As far as I know, it's not over yet. Kevin Panzer, who committed to Penn and then de-committed, is not out of the running to re-commit. I'll be clear: I don't know anything for sure, except that he hasn't made his decision yet and Penn is still pursuing him. And I also don't think Penn is done pursuing other options, even with the huge class they already have.

As for Kukoc, the NBA pedigree is obviously the first thing that sticks out. He is a 6-6/6-7 swingman at about 185 pounds (that's a guess on my part). I don't know much else about him at this point, but the DP should have a full story later today or tomorrow. But I posted some videos after the jump which will hopefully give a better sense of him as a player.

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Two recruiting updates in the aftermath of Miller

With the fairly unprecedented move to remove Glen Miller as head coach in the middle of the season, the biggest impact of the decision will perhaps be on recruiting. Miller had seemingly hedged his job to an extent with a very strong recruiting class, which was potentially jeopardized by his dismissal. Once my finals are over later today I'm going to look into more of the impact on recruiting, but the Northstar Basketball Blog has already begun to figure out just how this move might shake up the already shaky Class of 2014.

NBB reports that local product Steve Rennard from St. Joseph's HS in Metuchen, N. J., was accepted to Wharton this past week and will definitely be coming to Penn. Penn's other top local prize, big man Cameron Gunter, is more unsure of his status with the Quakers after Miller's move.  "Right now I'm just trying to get all the facts together and talk it through with my family," he said. "I don't know the full extent of the situation, so I can't comment on that right now." See the full text of NBB's report after the jump.

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Miller bags another for 2010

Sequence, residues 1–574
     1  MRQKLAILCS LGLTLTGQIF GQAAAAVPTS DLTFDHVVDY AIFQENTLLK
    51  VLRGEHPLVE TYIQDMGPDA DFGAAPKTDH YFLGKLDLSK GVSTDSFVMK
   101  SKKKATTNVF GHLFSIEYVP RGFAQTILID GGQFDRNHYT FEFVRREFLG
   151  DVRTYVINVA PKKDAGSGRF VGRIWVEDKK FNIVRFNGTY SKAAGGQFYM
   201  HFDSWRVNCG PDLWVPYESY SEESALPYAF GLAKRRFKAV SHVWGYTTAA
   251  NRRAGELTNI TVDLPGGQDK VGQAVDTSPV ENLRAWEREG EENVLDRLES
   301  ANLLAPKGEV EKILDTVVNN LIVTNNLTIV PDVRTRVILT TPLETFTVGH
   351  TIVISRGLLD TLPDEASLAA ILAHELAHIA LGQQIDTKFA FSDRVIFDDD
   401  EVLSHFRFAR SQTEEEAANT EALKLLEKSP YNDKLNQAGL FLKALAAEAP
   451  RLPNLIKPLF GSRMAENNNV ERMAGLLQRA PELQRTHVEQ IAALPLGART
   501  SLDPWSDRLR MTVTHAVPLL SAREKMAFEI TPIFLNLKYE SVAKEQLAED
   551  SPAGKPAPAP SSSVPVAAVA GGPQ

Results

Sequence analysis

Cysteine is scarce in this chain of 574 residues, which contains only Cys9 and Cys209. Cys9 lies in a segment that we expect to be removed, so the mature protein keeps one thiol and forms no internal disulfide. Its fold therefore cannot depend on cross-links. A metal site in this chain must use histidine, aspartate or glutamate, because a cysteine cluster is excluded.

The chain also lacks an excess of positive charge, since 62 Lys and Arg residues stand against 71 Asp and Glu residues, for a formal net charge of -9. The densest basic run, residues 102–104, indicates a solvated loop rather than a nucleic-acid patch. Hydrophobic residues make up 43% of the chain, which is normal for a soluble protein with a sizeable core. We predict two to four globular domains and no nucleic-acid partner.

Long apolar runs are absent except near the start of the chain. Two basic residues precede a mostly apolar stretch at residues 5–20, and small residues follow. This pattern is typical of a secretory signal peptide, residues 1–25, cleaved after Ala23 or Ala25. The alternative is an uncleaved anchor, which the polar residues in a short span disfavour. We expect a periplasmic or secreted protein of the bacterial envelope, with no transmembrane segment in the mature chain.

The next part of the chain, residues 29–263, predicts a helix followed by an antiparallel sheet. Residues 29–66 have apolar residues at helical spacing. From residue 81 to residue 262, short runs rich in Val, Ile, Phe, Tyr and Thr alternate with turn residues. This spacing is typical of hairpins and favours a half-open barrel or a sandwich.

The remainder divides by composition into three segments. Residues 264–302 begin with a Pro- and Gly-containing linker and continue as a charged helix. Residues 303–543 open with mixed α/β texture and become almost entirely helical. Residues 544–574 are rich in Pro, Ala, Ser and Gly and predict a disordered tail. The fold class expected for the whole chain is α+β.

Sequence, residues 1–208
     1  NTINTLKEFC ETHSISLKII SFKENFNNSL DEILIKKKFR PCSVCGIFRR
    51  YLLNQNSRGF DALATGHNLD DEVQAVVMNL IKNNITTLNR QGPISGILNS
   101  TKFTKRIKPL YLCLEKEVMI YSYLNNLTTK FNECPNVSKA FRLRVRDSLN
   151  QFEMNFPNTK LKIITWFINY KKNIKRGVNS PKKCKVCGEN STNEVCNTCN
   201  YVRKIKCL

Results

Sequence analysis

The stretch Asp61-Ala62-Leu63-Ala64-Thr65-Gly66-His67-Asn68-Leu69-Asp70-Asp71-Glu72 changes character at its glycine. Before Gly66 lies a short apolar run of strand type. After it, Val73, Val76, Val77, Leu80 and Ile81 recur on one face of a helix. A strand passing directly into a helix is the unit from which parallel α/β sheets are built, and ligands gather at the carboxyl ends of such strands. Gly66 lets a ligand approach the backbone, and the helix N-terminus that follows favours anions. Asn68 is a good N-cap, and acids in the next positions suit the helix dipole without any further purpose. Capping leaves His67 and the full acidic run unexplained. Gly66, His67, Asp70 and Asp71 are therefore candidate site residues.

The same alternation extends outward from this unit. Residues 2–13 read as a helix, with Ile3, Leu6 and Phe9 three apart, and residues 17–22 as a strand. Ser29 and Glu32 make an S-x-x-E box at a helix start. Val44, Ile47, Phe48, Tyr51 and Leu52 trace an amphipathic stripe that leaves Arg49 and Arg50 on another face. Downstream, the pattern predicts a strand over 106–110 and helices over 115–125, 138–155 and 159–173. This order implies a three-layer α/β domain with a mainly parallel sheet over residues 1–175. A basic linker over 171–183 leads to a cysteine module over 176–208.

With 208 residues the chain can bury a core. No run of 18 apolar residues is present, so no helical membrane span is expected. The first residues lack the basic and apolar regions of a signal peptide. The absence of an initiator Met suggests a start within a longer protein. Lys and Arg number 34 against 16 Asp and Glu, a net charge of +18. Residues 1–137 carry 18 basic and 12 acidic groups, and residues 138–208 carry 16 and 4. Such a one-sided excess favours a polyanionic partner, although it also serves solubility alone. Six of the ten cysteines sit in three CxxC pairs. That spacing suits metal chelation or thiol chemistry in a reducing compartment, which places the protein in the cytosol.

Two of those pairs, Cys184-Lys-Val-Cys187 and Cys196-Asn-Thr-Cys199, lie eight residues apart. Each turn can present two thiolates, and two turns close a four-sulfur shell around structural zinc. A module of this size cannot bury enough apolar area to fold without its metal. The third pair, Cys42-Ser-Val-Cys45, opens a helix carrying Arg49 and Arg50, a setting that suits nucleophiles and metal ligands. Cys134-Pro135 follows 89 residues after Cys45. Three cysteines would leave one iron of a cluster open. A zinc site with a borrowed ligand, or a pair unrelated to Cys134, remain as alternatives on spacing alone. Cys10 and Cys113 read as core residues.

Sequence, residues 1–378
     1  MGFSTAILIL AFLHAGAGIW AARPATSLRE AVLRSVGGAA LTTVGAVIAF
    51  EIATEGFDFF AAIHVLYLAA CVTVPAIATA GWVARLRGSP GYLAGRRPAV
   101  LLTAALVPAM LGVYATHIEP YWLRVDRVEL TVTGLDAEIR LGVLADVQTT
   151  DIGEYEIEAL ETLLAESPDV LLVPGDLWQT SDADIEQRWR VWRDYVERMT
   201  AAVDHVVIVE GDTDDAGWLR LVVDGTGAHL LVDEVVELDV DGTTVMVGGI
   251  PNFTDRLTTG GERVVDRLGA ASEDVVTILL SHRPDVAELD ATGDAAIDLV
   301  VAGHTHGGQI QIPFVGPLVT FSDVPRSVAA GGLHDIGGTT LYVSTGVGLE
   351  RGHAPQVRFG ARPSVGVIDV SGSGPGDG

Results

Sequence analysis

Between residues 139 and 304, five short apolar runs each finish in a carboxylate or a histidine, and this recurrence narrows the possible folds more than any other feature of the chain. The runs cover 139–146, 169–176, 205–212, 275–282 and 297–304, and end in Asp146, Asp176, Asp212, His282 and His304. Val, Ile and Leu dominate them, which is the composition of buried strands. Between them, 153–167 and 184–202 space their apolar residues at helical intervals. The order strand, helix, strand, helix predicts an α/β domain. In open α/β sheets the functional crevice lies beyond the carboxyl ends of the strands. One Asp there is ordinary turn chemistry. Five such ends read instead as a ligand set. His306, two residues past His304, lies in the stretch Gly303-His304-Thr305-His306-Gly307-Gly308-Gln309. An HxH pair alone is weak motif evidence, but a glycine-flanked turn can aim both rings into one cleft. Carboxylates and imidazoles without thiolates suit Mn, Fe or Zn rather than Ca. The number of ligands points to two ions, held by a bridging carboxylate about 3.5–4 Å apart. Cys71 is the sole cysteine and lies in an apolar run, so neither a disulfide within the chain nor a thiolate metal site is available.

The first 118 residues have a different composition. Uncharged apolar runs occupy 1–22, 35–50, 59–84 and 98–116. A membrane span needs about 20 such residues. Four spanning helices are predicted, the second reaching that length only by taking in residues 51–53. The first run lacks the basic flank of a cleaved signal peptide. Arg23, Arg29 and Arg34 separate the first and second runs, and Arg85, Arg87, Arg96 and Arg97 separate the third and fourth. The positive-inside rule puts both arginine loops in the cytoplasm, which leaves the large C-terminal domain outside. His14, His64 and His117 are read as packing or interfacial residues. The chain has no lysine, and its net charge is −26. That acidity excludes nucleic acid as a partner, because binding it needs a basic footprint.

According to NJhoops.rivals.com, Glen Miller and the Penn basketball program have nabbed another nice name for the Class of 2014. The player is 6-foot-8 forward/center Cameron Gunter from Ridley High School where Kevin and Steven Egee attended.

I have not yet confirmed the information myself with anyone in the Penn basketball program, though NJhoops tends to be a reliable source. And the PennBasketball twitter definitely lends support to the report. A post from this morning reads: "It was a very good night last night in the Penn Basketball Recruiting world...we were thrilled with the phone call we received..."

Here's what I've gathered so far about Gunter. First, there is this story from Aug. 25 on recruitrecon.com (another pretty good recruiting site) which says that Gunter had a very strong summer in AAU playing for the Jersey Shore Warriors. It also mentions Penn as a team with interest in him. Other schools with interest included Holy Cross and Northeastern, though NJhoops says he cancelled trips to those schools after committing to Penn. He is apparently a more defensive player at this point with good size and athleticism, but the reports on his strong summer seem to indicate his offense is improving rapidly. Overall he may be a bit of a project, but he is more developed than Garvin Hunt was as a freshman.

In other recruiting news, CBB reported that 6-foot-9 big man Daniel Edwards committed to Princeton. Penn was apparently interested in him as well.

Gunter is the fifth name we've heard surface as a verbally committed Penn recruit. The others are California players Austin Kelly, Casey James and Kevin Panzer, along with another local product in St. Joseph's prep point guard Steve Rennard. And there's no telling if the Quakers are done reloading. Stay tuned.